Farmers Cope Well With First Winter Blast

NEW ZEALAND - Following contact with provinces south of Taupo in both islands, Federated Farmers has found that both stock and farmers have come through the weekend's wintry blast well.
calendar icon 25 July 2011
clock icon 2 minute read

“It’s been a short and sharp storm front but it seems to be moving off with much better conditions on my farm today,” says David Rose, Federated Farmers adverse events spokesperson, who farms near Invercargill.

“There’s been warmth in the sun and that’s melted all the snow on my farm. After speaking with farmers in both Islands’, that seems to be the general picture as well. The biggest concern is probably with difficult driving conditions.

“While snow may still take a few days to fully clear, farms and livestock entered winter in peak condition with ample feed available. We’ve come off a brilliant autumn for most parts of New Zealand followed by a benign early winter.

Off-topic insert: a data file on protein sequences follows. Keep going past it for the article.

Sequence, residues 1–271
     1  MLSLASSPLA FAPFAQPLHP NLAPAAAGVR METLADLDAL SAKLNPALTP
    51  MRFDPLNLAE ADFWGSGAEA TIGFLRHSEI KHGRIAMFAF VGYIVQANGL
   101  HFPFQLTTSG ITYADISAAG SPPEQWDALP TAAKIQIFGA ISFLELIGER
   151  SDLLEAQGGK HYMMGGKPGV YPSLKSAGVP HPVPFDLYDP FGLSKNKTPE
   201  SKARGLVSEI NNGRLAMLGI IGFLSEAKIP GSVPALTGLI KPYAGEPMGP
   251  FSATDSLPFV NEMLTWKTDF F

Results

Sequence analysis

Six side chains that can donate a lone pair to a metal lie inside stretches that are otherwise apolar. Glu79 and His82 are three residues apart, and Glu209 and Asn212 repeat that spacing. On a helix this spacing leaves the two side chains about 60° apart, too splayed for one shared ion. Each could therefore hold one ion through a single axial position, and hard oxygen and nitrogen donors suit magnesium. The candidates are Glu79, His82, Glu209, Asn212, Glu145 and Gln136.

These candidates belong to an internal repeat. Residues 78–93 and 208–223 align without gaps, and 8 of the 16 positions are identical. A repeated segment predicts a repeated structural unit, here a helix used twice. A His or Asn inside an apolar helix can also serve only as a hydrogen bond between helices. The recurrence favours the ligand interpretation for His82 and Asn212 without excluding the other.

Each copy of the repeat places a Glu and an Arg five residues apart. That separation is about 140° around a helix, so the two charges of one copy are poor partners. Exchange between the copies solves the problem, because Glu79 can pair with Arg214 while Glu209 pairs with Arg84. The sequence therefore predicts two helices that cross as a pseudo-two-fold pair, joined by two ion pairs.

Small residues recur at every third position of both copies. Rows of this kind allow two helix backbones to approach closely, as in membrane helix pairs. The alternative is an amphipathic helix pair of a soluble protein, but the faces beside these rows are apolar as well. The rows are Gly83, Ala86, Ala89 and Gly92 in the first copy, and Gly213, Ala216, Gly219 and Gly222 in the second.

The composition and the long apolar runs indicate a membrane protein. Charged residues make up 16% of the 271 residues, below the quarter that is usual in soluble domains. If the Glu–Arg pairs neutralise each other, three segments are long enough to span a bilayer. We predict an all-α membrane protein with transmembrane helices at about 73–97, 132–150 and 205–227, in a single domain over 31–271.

“In terms of our livestock, calving is just beginning with lambing due to get fully underway in the next two to four weeks.

“Farmers plan for winter weather events like this while our livestock are also bred for it. Winter in winter is all part of farming but winter in spring is something else.

“The MetService gave farmers plenty of warning to get stock into lower or more sheltered paddocks. MetService weather ambassador, Bob McDavitt, cautioned in our May National Farming Review that a weakening La Nina could bring snowfall similar to 2008 and 1974.

“So this wintry blast was pretty much expected at this time of the year. That said it’s terribly hard on Christchurch.

“While the farming community on Banks Peninsula is managing well with plenty of cover for stock, this wintry blast has hit the city. I think all farmers will join with me in saying that our thoughts are with the city’s residents,” Mr Rose concluded.

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